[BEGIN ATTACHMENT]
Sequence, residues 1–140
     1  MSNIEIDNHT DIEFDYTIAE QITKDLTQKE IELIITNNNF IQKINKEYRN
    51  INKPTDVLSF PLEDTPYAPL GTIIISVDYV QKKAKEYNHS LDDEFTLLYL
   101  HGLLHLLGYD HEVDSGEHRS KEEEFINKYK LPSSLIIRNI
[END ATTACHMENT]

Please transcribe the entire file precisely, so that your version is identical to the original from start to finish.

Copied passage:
Sequence, residues 1–140
     1  MSNIEIDNHT DIEFDYTIAE QITKDLTQKE IELIITNNNF IQKINKEYRN
    51  INKPTDVLSF PLEDTPYAPL GTIIISVDYV QKKAKEYNHS LDDEFTLLYL
   101  HGLLHLLGYD HEVDSGEHRS KEEEFINKYK LPSSLIIRNI